Acne, in the medical world, is most commonly known as Acne Vulgaris. Vulgaris is a Latin word that means ‘common’. Common – being the operative word, hints that almost everybody suffers it at some point of their life. Its occurrence usually starts when an individual hits puberty. It is the age between twelve and twenty-five. According to some statistics, nine out ten teenagers have acne. During the puberty stage, the sebaceous or oil glands become active. The sebaceous glands are roused to action by adrenal glands that produce male hormones. You should know that adrenal glands exist in both the male and female body. So when we say ‘male hormones’, it is not only limited to be created in a man’s body – though acne breakout is a more common case for teenage boys. Sebaceous or oil glands are produced by a follicle or sac attached at the middle part of the base of the hair.
Production of oil by the sebaceous glands is a natural occurrence as a human body matures. A harmless bacterium named ‘P. Acne’ resides in our skin. But when sebum is trapped and not released in the skin surface, P. Acne breeds on it. When a large number of this bacterium multiplies, it causes inflammation. When this oil gland is infected or inflamed, acne appears.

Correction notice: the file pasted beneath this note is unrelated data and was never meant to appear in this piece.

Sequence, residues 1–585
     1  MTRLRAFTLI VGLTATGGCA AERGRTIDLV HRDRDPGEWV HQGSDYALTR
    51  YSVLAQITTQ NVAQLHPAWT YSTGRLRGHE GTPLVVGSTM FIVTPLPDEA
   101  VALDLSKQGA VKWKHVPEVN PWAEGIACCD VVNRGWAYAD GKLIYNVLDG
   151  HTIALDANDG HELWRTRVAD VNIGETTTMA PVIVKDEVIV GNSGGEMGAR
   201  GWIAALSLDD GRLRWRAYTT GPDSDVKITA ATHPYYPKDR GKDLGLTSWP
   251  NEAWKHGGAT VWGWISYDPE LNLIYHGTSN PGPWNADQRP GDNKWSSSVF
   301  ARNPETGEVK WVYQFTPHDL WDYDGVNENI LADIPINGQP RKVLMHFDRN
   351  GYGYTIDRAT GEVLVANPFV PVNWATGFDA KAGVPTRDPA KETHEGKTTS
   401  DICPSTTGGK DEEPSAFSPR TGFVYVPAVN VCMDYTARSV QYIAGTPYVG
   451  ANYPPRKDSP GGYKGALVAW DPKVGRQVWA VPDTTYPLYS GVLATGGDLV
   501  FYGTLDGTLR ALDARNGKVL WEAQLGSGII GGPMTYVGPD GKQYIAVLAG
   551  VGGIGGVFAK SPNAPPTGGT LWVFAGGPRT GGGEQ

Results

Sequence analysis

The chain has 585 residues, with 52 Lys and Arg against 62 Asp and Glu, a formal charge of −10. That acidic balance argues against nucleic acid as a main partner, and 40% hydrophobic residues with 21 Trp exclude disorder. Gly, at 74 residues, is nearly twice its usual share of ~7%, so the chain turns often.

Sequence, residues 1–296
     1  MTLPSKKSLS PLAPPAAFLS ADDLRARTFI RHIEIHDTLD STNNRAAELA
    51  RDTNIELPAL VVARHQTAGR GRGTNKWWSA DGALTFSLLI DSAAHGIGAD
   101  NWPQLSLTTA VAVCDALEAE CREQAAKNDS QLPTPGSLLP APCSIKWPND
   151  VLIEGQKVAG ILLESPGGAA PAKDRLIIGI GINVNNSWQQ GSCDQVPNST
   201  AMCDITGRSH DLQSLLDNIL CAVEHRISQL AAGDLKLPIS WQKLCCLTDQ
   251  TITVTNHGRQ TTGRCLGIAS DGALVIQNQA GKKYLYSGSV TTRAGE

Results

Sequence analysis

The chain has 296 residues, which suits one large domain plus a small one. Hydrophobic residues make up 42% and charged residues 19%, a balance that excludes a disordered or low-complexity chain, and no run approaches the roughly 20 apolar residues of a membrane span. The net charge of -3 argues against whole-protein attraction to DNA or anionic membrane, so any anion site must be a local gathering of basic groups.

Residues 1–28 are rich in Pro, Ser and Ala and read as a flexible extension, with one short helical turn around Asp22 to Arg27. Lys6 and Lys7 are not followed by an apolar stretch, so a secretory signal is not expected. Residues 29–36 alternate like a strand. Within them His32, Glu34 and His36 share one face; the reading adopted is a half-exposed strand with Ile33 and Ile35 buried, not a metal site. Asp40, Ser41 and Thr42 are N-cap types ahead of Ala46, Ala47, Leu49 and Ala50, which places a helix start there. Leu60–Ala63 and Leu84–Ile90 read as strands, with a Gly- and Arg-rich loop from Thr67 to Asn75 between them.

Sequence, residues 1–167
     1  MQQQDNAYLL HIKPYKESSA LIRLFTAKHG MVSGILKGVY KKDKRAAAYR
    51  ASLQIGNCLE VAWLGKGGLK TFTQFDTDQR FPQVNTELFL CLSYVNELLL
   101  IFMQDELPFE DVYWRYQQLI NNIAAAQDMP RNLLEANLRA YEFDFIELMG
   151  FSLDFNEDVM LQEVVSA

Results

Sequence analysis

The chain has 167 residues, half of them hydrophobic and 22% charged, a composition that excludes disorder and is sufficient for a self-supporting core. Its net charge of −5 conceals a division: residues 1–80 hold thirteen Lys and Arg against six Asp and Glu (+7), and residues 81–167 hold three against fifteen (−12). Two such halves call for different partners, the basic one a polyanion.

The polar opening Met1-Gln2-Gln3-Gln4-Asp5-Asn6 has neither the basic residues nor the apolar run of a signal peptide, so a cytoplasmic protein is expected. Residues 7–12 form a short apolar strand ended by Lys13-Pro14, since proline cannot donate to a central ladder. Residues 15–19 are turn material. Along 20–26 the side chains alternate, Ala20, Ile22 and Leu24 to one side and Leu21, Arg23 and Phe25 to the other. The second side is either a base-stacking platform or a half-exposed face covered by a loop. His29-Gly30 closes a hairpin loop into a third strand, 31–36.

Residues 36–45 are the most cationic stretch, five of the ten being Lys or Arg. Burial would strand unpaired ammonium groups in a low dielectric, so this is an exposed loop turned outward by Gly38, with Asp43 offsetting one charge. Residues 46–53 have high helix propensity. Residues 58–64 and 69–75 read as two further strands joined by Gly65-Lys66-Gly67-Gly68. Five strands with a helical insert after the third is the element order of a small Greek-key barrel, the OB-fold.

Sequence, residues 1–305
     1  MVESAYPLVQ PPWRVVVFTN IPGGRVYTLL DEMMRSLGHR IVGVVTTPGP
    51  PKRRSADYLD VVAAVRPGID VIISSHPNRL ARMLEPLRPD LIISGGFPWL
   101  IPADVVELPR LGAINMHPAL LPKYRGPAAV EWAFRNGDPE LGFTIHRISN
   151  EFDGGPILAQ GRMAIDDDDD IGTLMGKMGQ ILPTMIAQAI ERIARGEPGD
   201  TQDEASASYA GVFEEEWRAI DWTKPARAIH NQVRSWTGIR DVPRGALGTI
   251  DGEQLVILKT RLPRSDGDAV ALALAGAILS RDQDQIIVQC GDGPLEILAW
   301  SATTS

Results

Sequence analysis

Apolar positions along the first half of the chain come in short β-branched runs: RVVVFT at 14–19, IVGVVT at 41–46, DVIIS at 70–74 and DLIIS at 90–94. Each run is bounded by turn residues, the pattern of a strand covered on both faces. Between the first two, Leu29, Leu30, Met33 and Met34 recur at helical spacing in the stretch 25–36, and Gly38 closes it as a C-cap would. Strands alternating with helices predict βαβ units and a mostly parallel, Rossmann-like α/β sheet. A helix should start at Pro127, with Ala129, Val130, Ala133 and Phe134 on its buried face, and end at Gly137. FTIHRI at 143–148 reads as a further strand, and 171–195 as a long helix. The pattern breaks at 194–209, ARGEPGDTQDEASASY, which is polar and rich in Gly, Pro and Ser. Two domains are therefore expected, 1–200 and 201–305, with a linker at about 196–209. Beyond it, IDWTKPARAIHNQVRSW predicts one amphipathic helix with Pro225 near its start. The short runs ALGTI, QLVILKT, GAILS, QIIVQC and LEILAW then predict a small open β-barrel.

There are three cases of acne – mild, moderate, and severe. Mild to moderate cases includes the appearance of blackheads and whiteheads, also known as comedones and small spots of pimples. While moderate to severe cases, involves the appearance of larger spots of pimples and inflammation filled with pustules or commonly called as ‘pus’.
Blocked pores cause comedones. Too much sebum or oil plugs the pores, thus the appearance of blackheads and white heads. If the pore stays small, the clog results to the appearance of light-colored contusion which is relatively small in size. This is called whitehead. If the opening of the pore is large, it results to the appearance of a blackhead. It is a flat mark with a dark center. Pimples or papules usually develop from these comedones. The surface below these clogged pores swells resulting to lumps that are reddish in color and sometimes containing pus.
Acne does not only develop on face. Though it is commonly seen there, it can also be found on the neck, chest and back. If you are not familiar with the T-zone, that is the area of your forehead and nose which is the most oily part of the face. That is where acne usually develops. While its development on back, chest and neck is usually caused by sweat and friction when wearing tight clothing.